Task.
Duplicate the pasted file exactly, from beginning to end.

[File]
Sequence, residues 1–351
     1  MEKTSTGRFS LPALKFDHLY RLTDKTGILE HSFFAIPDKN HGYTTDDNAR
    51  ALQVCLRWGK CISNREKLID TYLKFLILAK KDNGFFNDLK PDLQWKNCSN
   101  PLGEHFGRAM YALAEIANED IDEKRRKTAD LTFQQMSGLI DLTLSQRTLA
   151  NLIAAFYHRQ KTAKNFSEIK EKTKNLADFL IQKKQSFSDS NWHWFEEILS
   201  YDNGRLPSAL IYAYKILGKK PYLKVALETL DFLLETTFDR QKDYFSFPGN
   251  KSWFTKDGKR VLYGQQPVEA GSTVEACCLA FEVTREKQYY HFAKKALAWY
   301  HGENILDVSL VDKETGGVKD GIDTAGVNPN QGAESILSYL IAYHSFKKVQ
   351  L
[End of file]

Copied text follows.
Sequence, residues 1–351
     1  MEKTSTGRFS LPALKFDHLY RLTDKTGILE HSFFAIPDKN HGYTTDDNAR
    51  ALQVCLRWGK CISNREKLID TYLKFLILAK KDNGFFNDLK PDLQWKNCSN
   101  PLGEHFGRAM YALAEIANED IDEKRRKTAD LTFQQMSGLI DLTLSQRTLA
   151  NLIAAFYHRQ KTAKNFSEIK EKTKNLADFL IQKKQSFSDS NWHWFEEILS
   201  YDNGRLPSAL IYAYKILGKK PYLKVALETL DFLLETTFDR QKDYFSFPGN
   251  KSWFTKDGKR VLYGQQPVEA GSTVEACCLA FEVTREKQYY HFAKKALAWY
   301  HGENILDVSL VDKETGGVKD GIDTAGVNPN QGAESILSYL IAYHSFKKVQ
   351  L